Section 340 of the UAE Penal Code stipulates that “any person inducing a voluntary pregnancy termination in a pregnant woman by providing her with medicaments or by using instruments for this purpose is liable to up to five years’ imprisonment. Picture is for ilustrative purposes only. Image Credit: Supplied

Dubai: In a country where abortion is illegal, women are turning to a cheap ulcer medication to end unwanted pregnancies. The medication, registered for use to prevent gastric ulcers, is easily available in the UAE. An XPRESS investigation discovered that all it takes is a quick phone call, Dh1,500 and a trip to Bur Dubai to purchase the pill which induces Do It Yourself (DIY) abortions.

This frightening new trend is a talking point on internet chat sites where UAE residents are writing in with abortion-related queries. One such chat forum led us to J.C., a Filipino expat who sells the pill.

"Demand for the tablet has grown in recent years since social and moral values have changed over the years while the laws haven't," says J.C., who charges Dh1,500 for a course of five pills. While the recommended dosage for medicinal purposes is one pill a day, J.C. recommends taking "the first pill at 7pm, followed by two pills at 7am and another two at 7pm to induce an abortion or miscarriage. With the minimum of five pills consumed, bleeding is guaranteed to occur within 24 hours".

In the event of a pregnancy that's over six weeks, J.C. recommends doubling the dose. "Since there is the risk of extremely heavy bleeding in those cases, we recommend an over-the-counter drug to help combat the cramps," she says. For those willing to take the risk, J.C.'s husband is available any time of the day in Bur Dubai to conduct the transaction.

Another Dubai-based seller lists her e-mail address on a chat forum, with a message that her services are available exclusively for the UAE market. If the pill doesn't abort the foetus, the seller guarantees a termination with a medical procedure for free. What the seller doesn't mention are the methods used, the safety of the mother's life, the sterility of the instruments…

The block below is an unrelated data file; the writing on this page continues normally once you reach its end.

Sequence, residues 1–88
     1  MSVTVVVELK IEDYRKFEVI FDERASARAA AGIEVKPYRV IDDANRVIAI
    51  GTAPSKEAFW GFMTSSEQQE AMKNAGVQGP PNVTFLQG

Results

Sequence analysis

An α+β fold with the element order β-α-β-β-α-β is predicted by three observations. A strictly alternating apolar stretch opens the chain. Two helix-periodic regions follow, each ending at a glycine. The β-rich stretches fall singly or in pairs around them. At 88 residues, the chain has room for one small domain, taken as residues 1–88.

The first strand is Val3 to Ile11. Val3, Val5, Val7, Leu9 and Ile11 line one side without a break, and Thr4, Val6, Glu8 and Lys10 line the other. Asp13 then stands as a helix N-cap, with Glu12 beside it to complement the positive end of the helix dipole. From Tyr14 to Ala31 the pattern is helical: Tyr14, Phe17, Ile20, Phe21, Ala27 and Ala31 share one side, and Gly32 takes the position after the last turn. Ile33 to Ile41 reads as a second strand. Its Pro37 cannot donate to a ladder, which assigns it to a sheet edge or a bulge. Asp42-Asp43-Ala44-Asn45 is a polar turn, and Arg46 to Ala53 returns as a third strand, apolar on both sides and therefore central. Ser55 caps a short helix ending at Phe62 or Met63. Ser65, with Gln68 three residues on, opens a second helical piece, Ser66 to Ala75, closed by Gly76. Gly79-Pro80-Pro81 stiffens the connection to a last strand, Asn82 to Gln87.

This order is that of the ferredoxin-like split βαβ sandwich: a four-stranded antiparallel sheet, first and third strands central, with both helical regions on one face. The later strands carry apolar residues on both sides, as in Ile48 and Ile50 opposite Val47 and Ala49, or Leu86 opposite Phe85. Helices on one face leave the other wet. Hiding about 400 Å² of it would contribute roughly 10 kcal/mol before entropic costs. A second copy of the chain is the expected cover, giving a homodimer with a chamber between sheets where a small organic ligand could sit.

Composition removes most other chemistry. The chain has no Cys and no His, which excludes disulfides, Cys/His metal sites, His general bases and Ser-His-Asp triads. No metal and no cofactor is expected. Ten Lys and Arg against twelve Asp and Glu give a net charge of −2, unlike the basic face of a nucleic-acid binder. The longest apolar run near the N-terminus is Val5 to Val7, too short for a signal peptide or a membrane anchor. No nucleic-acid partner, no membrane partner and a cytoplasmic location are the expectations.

It was word of mouth that led us to another Dubai-based Filipino dealer.

When contacted, the dealer, who chose to remain anonymous, gave no guarantee of a successful abortion and even warned that consumption of the pill may result in an ectopal pregnancy or, in rare cases, death through extreme bleeding or fatal infections.

Despite the risks, the dealer assures that the Dh120 abortion pill is one of the most wanted drugs in Dubai. Although both she and J.C. sell the same brand, their advice on quantity and consumption are radically different.

"In order to increase the chances of abortion, one should consume two pills a day, one orally, one inserted internally, over the course of three days. By the fourth morning, at the latest, bleeding should begin. Light at first, until the cramps get worse, and the clots get bigger, the bleeding is a sign that the pill is slowly killing the foetus in the womb," she says. "Some women find it an easy alternative to carrying out an unwanted pregnancy."

They have little choice. Having a child outside wedlock results in a jail term followed by deportation. When a single woman gets pregnant she has two options: Get married quickly or leave the country.

Extreme measures

When neither of this happens, some women abandon their newborns. Police statistics show that 154 children were dumped by parents in the UAE between 2004 and 2009. Three babies were abandoned in the last month alone, including a girl who was left on the stairs of a building in the upscale The Gardens area.

Shocking, but nothing compared to last year's horrific incident where a mother delivered a baby at a Dubai airport toilet but reportedly strangled the infant and dumped it near a rubbish bin before catching a flight.

Regardless of the risks involved, many single women who get pregnant consider abortion as an easy route. Not surprisingly, online chat forums are flooded with queries for the abortion pill. Dealers cashing in on the demand list their e-mail addresses and mobile phone numbers.

A women's website advertises the "availability of contraceptives and pills… for women living in countries where there are no safe abortion services". The list includes the UAE. "An abortion with pills is very safe and similar to a miscarriage. Millions of women have done it and proven that they can do it themselves at home," boasts the website. Although the service is free, sellers ask for a donation of £70 (Dh415), with shipment guaranteed to arrive within seven days.

Although shrouded in secrecy, stories of illegal abortions abound in the UAE. A British website says, "The other strange quirk to British abortion is as a haven for women from more restrictive countries. We've long been an offshore abortion provider to Ireland — but next comes Italy, and after that, the United Arab Emirates."

In the UAE, induced abortion is legally restricted to cases in which an abortion is necessary to save the woman's life.

Despite the law and medical warnings (see box), some women in Dubai are ready to take the risk to get rid of an unwanted pregnancy, often to avoid the harsh punishment meted out by the law.

Lucy was only 22 when she found out she was pregnant. With no money to fly back to Ireland, and no immediate plans to marry her boyfriend, Lucy was left with only one choice. "I knocked on several doors and each time was told my only option was to go back home for the procedure," says the now 24-year-old cabin crew. "Eventually, a British doctor I met at a party said he would perform the procedure in his clinic here in Dubai, after hours."